OK, it’s pretty hard nowadays NOT to be on the wagon. But for those that are just getting hitched, the Federation of BC Writers hosted the first annual Wired Words symposium on the earlier this month at the historic Maritime Museum of British Columbia in downtown Victoria.
To be honest, I didn’t know specifically what was going to be covered at the festival beyond what was said on the website: “to help writers keep abreast of technological changes.” Sounded good to me.
I had never been to the maritime museum before, but it’s a really well kept facility that used to be a courthouse, complete with a fully-functional birdcage elevator (oldest in Canada? I think that’s what the attendant said). After a slow but memorable ride to the third floor, I walked into the restored courtroom where the speakers were presenting.
There were five speakers in total, with one (Mandy Leith) giving two presentations. Coverage focused a lot on helping authors use technology like the Internet to self-promote and publish. That’s probably why a large demographic in attendance were published novelists and poets, with a businessman and a couple journalists thrown in the mix. I’m going touch on some of the more important topics discussed below.
Lorne Daniel: writer
Are e-books better or worse for writers? Is it an excuse to pay writers even less? Daniel said everything changed last Christmas when everyone got e-readers as presents. Writers need to re-examine their relationship with their readers, because technology and social media have broken down the barriers of communication allowing a direct connection and immediate two-way interaction.
His 3 guesses of the future:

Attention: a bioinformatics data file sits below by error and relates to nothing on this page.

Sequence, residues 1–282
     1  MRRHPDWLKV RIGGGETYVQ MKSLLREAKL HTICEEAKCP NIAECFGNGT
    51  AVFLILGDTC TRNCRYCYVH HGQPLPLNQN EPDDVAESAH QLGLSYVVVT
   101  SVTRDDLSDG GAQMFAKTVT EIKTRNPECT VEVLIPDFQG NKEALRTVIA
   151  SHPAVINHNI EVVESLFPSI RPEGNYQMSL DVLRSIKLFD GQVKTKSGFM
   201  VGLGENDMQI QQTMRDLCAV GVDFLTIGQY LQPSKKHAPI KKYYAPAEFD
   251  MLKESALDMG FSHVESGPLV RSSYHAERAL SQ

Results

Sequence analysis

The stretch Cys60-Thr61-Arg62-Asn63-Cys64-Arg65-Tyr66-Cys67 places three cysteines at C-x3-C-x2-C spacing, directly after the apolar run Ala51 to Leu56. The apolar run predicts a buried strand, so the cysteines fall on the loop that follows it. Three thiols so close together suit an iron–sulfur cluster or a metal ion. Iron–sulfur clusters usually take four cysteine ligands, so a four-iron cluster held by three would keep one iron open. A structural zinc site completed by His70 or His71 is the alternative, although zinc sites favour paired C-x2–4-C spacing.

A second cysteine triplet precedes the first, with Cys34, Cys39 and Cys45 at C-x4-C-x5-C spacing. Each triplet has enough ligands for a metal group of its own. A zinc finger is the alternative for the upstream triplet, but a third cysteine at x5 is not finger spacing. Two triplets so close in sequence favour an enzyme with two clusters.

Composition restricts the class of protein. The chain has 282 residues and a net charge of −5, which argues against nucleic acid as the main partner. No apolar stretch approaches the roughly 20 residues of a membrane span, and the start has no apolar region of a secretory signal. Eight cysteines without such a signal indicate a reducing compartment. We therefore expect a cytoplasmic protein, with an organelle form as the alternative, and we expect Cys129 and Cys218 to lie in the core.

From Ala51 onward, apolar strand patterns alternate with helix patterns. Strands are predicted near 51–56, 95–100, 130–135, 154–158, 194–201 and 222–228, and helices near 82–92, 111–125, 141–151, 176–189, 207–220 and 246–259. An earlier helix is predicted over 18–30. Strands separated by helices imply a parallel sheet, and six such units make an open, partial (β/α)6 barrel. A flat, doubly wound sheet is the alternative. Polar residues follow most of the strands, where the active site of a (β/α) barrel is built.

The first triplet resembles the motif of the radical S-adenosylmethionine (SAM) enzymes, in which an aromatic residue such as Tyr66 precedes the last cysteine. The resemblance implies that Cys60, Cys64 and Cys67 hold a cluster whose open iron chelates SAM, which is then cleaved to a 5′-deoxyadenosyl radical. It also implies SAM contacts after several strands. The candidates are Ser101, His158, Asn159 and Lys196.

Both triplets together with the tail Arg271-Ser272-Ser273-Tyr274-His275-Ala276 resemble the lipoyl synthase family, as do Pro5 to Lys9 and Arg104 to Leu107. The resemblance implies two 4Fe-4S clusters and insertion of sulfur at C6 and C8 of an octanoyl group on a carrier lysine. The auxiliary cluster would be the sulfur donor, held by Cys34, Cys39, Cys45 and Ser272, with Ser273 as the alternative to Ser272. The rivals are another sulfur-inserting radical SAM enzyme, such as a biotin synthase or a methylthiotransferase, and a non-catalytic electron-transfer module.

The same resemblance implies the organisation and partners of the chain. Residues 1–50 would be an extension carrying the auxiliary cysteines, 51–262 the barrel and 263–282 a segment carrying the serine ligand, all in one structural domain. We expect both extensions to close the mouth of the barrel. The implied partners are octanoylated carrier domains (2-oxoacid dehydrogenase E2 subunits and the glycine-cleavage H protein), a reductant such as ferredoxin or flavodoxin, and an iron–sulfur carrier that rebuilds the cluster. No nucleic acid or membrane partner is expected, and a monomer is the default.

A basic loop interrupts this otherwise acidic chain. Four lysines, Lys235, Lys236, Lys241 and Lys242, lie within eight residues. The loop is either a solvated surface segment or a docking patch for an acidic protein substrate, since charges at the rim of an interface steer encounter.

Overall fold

- reading won’t disappear
- paper books won’t disappear (we still have radio)
- writers won’t disappear
Authors are also have more direct control over the entire publishing process — it’s no longer just typing up a manuscript and dropping it off on someone’s desk to take care of the rest. Some are even designing their own book covers, but there are now some things that cannot be controlled like how text might look on an electronic device due to varying screen sizes or user-controlled display settings. Daniel said PDFs are one possible solution, since they essentially look the same no matter where they are viewed.
Melody Poirier: manager at Island Blue Print/Printorium
Porier talked about the importance of writers promoting their own work in an electronic space be it via Twitter, a blog, etc.
“If you’re not excited about your own work, will others?” asked Poirier.
Other things that writers should be mindful before handing off their work to be printed:
- Get your work professionally edited first! And not by your nephew who says he’s good at copy editing.
- It’s all about re-writing. Don’t skip this step.
- Have your cover professionally designed unless you know what you’re doing.
- Consider having a pro lay out your work.
- People will notice “home-made” characteristics like using a default font (i.e. Times New Roman), or kerning that causes uneven gaps between letters.
- Printing a proof of your book is not when you should be doing proofreading. The process is costly and all errors should have alerady been caught.
Mandy Leith: film and social media storybuilder
Leith had one of the most dynamic presentations of the day. With a background in filmmaking, she has fully embraced social media as a new way to tell stories. She stressed that the myriad online tools available nowadays from Twitter to Flickr are the fastest and easiest way for writers to being building an audience an hone their craft.
She compared old methods with new ones. Legacy media is passive consumption, that is it is a one way push or mass marketing from the source: traditional advertisements, newspapers, etc. This was the main type of media up until five years ago.
Social media means engaged contribution. It pulls rather than pushes, encouraging two-way conversations with the source and its consumers.
She used the common phrase “fish where they swim” when trying to build a following of like-minded individuals. What tools are they using? Using Twitter as an example:
Listen: don’t start talking without listening first. What are other writers talking about? What conversations are they having?
Engage: be authentic. Use an informal, conversational style. Have a focus and do one thing well. Be curious, experimental and above all be social!
- Comment on other people’s tweets
- Share other’s contributions 90 per cent of the time, sell your own 10 per cent
- Build trust
- It’s a gift economy — what can you give away for free? People gobble up top ten lists